April 5, 2018 / 2:16 PM / 2 months ago

Explainer - What to watch at Hungary's elections

BUDAPEST (Reuters) - Hungary’s right-wing nationalist Prime Minister Viktor Orban seeks a third consecutive term in parliamentary elections on Sunday after scoring two landslide victories in 2010 and 2014.

Hungarian Prime Minister Viktor Orban leaves after his speech at the National University of Public Service in Budapest, Hungary, April 4, 2018. REUTERS/Bernadett Szabo

Most opinion polls show that the best Orban’s Fidesz party can achieve is winning a simple majority, which is also the likeliest outcome as Fidesz has a firm lead in opinion polls.

But there is an odd chance that the fractured opposition could push Fidesz into a minority and create an unprecedented hung parliament.

Orban is the European Union’s second-longest-serving government leader after Germany’s Angela Merkel.

He has led opposition in the bloc’s eastern wing against a quota system, backed by Merkel and Brussels, to distribute migrants across the EU. He is also a leading opponent of efforts to deepen the bloc’s integration.

His Fidesz party and its Christian Democrat ally KDNP won more than two thirds of parliament seats in the previous two elections.

Hungary's election graphics: tmsnrt.rs/2IS7mBl

HOW DOES THE ELECTION SYSTEM WORK?

Hungarian voters will elect 199 members into parliament in a single round. A total of 106 seats can be won in single-member constituencies in a first-past-the-post system. Party and ethnicity lists fill another 93 seats. Winning candidates have their surplus votes added to national party lists.

TURNOUT LEVELS AND OTHER FACTORS TO WATCH

* Some pollsters said voter turnout above 70 percent could signal efficient opposition mobilisation which may cause Fidesz to lose its parliamentary majority. The participation record, set in 2002, is 72 percent.

* High turnout may also push some smaller opposition parties below the five percent entry threshold. Green liberal Politics Can Be Different (LMP) and the social liberal Democratic Coalition hover around the threshold in polls.

* Opposition candidates need to win in 40-45 districts to deny Fidesz a majority, said Tibor Zavecz of pollster Zavecz Research.

* Janos Kovacs, chief analyst of pollster Iranytu, which is close to the largest opposition party Jobbik, put that critical threshold at 43-45 districts. “Much will also depend on (party) list votes,” he added. “Estimating mandates is tougher than any time since 1990.”

* According to opinion polls, Jobbik is likely to place second. Jobbik has ruled out coalitions with either Fidesz or establishment leftist parties.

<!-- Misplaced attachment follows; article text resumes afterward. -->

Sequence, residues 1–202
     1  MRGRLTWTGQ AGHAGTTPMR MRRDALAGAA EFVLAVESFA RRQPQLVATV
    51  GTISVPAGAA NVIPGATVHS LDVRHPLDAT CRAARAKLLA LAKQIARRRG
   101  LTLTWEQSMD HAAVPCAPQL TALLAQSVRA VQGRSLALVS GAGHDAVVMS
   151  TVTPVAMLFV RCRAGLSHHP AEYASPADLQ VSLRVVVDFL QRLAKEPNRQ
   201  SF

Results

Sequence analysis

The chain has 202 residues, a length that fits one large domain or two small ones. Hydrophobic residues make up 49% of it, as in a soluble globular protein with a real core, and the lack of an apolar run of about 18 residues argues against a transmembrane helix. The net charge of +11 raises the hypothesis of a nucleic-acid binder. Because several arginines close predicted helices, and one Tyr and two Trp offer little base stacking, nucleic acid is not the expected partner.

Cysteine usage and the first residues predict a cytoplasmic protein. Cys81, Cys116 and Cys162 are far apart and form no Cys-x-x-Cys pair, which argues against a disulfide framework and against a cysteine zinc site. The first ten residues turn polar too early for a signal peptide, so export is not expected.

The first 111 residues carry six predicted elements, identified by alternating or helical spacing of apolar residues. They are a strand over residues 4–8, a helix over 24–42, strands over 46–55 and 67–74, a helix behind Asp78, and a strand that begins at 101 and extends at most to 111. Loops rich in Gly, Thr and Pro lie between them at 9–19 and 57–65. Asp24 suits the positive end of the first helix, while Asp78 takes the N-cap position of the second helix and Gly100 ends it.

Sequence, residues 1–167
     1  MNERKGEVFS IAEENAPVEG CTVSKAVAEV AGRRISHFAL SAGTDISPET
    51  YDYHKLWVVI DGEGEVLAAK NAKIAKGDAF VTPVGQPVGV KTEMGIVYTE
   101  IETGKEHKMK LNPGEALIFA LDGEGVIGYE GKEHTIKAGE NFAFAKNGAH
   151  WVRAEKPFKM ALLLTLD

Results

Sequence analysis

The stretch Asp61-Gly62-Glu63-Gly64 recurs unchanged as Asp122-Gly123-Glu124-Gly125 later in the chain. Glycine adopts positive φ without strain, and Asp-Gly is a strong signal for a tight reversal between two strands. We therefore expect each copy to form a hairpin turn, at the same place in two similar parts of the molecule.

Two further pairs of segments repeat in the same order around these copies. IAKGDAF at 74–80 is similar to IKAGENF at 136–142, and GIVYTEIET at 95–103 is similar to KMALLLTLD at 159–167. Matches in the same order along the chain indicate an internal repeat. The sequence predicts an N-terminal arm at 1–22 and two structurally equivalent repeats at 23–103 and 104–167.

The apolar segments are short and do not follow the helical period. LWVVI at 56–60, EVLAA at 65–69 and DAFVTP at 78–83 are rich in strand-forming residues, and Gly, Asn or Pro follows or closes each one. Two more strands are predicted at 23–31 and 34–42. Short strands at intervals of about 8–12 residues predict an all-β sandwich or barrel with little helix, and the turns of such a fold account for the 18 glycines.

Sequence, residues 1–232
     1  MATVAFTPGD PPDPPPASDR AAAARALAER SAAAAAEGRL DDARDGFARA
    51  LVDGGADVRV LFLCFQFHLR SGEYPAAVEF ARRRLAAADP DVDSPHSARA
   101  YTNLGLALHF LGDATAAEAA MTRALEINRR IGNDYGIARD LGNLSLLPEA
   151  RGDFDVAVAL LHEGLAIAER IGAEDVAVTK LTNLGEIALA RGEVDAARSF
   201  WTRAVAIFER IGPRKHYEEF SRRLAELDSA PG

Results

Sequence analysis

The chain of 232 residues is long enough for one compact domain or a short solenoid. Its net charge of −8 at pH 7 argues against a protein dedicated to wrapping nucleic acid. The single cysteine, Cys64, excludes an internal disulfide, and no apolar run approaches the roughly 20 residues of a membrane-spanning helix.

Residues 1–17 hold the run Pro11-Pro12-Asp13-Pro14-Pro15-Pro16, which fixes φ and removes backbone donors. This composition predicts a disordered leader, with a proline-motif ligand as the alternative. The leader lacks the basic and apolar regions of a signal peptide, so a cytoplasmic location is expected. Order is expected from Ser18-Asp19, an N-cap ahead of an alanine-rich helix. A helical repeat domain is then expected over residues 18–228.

HOW FIDESZ TWEAKED THE ELECTION LAW IN ITS FAVOUR

Election rules have been amended by Fidesz since 2010, boosting the ruling party’s election chances against a fragmented leftist opposition and the rightwing Jobbik party.

* The total number of seats was reduced from 386 to 199 in 2011. The ratio of constituency seats rose to 60 percent from less than 50. District boundaries have been redrawn, and critics say gerrymandering was significant.

* A second voting round was eliminated, denying parties the option of clinching deals between the rounds, which contributed to the splintering of the current opposition.

* The system of voter compensation was changed in favour of winning candidates. In local districts, any vote not used to win a first-past-the-post race is added to national lists, including for the winner.

* The Fidesz government gave ethnic Hungarians the right to citizenship. They can vote on party lists, by letter. According to National Election Office data, 378,000 such new citizens have been registered for the 2018 election. A vast majority of them support Fidesz.

* Mail ballots were outlawed for hundreds of thousands of ordinary Hungarians working abroad, who are not necessarily Fidesz supporters. They can only vote in person at Hungarian embassies or consulates, limiting their ability to participate.

* The National Election Office mandated parties must field candidates in at least 27 local districts to maintain a national list and receive state support for their campaign, limiting options for parties to cooperate.

Reporting by Sandor Peto, Editing by William Maclean

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